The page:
Yen gains, stocks brace for losses on Wall St. gloom

By Lisa Twaronite

An employee of a foreign exchange trading company works behind monitors in Tokyo November 28, 2013. Credit: Reuters/Toru Hanai
An employee of a foreign exchange trading company works behind monitors in Tokyo November 28, 2013.
Credit: Reuters/Toru Hanai


TOKYO Sun Apr 13, 2014 8:00pm EDT

(Reuters) – The safe-haven yen started the week on a firm footing and Asian shares braced for more losses on Monday after a dismal week on Wall Street.

Ongoing tensions in Ukraine also sapped investors’ appetite for risk. Ukraine gave pro-Russian separatists a Monday morning deadline to disarm or face a “full-scale anti-terrorist operation” by its armed forces, raising the risk of a military confrontation with Moscow.

European Union foreign ministers will hold talks later on Monday about tougher sanctions against Russia.

Nikkei futures pointed to an early dip, with a stronger yen seen undermining shares of exporters. S&P 500 e-mini futures were down about 0.3 percent.

MSCI’s broadest index of Asia-Pacific shares outside Japan shed 0.7 percent on Friday, pulling away from five-month highs hit on Thursday.

U.S. stocks slid in a volatile session on Friday, with the Nasdaq closing below the 4,000 mark for the first time since early February as investors bailed out of high-flying technology and biotech shares.

Ahead of that, Japanese shares tumbled to six-month lows, shedding 7.3 percent on the week, which was their biggest weekly fall since devastating earthquake and tsunami in March 2011.

The low-yielding yen benefited from the heightened risk aversion. The dollar was down about 0.2 percent in early trading at 101.46 yen, after touching a 3-1/2 week low of 101.32 yen on Friday, a far cry from a 2-1/2 month high of 104.13 yen set on April 4.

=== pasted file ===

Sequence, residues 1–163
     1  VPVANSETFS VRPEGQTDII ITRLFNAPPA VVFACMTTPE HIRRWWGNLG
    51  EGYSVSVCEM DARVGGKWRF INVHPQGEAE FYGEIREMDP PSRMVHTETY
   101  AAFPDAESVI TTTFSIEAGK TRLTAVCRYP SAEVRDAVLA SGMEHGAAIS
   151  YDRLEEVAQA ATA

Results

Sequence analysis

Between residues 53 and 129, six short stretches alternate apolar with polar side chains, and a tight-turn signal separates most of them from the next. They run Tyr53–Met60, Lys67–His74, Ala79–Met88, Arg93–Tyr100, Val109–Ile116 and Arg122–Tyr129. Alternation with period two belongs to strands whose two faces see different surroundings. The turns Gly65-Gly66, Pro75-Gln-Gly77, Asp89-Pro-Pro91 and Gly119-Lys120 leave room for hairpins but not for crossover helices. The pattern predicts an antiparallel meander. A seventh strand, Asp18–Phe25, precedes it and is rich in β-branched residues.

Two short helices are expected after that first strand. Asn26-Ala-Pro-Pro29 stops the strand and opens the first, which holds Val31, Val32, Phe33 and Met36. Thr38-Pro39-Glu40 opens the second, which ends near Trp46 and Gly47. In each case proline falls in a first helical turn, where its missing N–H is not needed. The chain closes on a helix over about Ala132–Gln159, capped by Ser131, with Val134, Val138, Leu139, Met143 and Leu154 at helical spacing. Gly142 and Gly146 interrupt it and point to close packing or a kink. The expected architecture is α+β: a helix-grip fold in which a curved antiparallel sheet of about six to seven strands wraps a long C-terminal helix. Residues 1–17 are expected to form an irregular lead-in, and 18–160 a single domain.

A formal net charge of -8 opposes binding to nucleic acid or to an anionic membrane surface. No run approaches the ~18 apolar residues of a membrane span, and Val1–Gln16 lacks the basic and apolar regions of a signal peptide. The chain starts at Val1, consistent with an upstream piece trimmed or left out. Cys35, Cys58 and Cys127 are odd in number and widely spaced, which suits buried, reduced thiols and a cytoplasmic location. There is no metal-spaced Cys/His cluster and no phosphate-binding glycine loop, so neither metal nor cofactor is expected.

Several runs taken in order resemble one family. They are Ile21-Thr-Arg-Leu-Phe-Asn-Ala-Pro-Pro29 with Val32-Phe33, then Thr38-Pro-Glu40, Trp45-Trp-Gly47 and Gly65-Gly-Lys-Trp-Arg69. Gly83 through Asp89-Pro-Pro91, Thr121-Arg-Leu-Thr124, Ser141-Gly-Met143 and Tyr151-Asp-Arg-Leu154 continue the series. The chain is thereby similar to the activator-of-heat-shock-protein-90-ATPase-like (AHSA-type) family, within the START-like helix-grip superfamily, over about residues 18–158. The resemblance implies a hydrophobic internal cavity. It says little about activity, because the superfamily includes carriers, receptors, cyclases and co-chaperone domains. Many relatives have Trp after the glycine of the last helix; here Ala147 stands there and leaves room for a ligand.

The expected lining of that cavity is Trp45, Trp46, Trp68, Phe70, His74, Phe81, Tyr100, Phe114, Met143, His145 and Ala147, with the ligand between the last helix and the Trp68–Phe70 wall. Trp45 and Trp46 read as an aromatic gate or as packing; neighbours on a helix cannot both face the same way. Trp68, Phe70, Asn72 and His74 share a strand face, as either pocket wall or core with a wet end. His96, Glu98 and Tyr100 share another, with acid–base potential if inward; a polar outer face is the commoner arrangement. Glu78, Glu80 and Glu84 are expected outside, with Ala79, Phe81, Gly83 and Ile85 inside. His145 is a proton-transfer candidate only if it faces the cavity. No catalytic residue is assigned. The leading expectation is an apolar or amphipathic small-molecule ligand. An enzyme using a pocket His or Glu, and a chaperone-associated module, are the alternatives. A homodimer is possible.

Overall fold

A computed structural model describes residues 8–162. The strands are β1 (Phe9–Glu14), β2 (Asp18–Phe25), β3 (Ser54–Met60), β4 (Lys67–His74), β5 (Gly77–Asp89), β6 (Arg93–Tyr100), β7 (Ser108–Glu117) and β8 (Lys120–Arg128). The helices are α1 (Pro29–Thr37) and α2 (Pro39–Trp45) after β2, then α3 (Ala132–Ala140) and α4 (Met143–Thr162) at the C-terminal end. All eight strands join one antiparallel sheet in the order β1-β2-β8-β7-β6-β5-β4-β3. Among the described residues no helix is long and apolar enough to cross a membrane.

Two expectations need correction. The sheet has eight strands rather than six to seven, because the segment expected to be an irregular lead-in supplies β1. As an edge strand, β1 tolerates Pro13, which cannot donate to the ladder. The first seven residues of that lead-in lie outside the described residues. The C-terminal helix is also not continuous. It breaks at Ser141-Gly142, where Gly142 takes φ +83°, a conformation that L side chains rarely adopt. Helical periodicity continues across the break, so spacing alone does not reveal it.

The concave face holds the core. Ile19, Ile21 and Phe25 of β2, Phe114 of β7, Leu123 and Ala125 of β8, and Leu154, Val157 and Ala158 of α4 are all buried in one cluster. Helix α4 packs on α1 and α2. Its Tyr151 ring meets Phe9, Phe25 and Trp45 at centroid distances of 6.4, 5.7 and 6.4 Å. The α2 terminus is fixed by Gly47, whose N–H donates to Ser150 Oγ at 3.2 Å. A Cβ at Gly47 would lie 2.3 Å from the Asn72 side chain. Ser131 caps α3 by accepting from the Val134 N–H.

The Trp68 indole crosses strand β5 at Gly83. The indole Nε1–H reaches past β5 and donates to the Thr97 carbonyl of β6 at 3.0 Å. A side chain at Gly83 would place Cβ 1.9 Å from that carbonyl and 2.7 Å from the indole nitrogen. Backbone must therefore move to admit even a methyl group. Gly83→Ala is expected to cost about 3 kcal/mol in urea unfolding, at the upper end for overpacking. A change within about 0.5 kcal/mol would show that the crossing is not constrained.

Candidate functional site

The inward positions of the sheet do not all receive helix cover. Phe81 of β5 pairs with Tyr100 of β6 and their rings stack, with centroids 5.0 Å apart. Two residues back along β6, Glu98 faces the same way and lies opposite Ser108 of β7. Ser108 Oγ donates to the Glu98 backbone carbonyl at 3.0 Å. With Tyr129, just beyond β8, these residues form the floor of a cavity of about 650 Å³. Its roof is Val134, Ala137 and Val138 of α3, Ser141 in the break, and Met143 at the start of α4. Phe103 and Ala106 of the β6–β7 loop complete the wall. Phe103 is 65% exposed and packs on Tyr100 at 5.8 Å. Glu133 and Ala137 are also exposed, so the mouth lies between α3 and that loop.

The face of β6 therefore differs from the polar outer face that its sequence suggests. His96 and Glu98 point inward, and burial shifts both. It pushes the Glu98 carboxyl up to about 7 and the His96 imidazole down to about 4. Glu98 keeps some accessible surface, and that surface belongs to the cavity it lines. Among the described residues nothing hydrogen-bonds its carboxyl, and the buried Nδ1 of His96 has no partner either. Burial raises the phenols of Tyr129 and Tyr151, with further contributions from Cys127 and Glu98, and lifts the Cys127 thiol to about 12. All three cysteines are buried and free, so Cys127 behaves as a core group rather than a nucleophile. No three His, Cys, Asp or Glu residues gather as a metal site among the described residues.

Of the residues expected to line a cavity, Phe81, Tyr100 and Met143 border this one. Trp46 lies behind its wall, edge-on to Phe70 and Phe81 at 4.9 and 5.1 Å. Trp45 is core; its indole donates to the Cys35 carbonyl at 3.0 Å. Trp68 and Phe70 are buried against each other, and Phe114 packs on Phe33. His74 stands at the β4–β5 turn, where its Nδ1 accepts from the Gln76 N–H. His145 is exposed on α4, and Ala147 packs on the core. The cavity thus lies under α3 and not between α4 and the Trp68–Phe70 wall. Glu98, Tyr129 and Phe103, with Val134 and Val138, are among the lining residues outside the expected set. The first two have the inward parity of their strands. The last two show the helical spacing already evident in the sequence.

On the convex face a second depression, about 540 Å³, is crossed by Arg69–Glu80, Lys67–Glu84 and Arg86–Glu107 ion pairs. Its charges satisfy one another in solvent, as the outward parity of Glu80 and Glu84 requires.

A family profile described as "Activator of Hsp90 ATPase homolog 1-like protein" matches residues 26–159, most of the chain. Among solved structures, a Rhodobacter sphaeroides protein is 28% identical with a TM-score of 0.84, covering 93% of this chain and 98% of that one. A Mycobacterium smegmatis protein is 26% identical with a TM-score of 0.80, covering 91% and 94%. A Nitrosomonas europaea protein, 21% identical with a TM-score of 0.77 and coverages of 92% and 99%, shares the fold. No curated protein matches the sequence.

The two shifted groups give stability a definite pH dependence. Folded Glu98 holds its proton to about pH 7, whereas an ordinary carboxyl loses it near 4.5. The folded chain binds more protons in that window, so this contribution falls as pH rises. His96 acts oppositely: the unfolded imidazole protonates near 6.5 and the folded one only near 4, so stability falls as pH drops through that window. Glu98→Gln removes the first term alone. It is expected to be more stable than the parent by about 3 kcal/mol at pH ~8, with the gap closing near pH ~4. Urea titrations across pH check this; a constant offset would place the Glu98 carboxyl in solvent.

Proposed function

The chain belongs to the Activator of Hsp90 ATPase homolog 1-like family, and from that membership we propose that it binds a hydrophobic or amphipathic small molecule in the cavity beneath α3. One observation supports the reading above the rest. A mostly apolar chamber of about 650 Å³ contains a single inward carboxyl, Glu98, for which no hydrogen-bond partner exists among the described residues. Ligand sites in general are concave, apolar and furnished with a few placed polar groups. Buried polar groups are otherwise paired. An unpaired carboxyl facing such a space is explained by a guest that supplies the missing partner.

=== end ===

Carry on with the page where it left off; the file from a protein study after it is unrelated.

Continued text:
The dollar index steadied, edging up to 79.603, though April 4’s seven-week high of 80.599 remained a distant memory after the greenback’s battering last week as U.S. stocks tumbled.

“Given the technical damage inflicted on the dollar and the decline in U.S. interest rates, it is tempting to look for the greenback’s losses to accelerate,” said Marc Chandler, global head of currency strategy at Brown Brothers Harriman.

“We are more inclined to think that rather than breaking out, the dollar simply moved to the lower end of its ranges. This means that the greenback may do a bit better in the days ahead as participants will likely be denied fresh incentives,” he said in a note to clients.

The dollar got some help against the euro from European Central Bank officials, whose comments rekindled speculation about more easing in the euro zone.

The euro fell about 0.4 percent to 140.52 yen. Against the dollar, it shed about 0.3 percent to $1.3843, moving away from a 3 1/2 week peak of $1.3906 hit on Friday.

ECB President Mario Draghi on Saturday told a news conference that “a further strengthening of the exchange rate would require further stimulus.

The ECB is ready to make asset purchases if it deems them necessary to counter a prolonged period of low inflation, ECB Executive Board member Benoit Coeure said on Sunday.

European Central Banker Christian Noyer said on Monday in an interview with daily newspaper Le Figaro that euro weakening was desirable.

“The stronger the euro is, the more accommodative policy is needed,” Noyer said.

Spot gold XAU= added about 0.6 percent to $1,327.10 an ounce, after marking its second straight week of gains.

(Editing by Shri Navaratnam)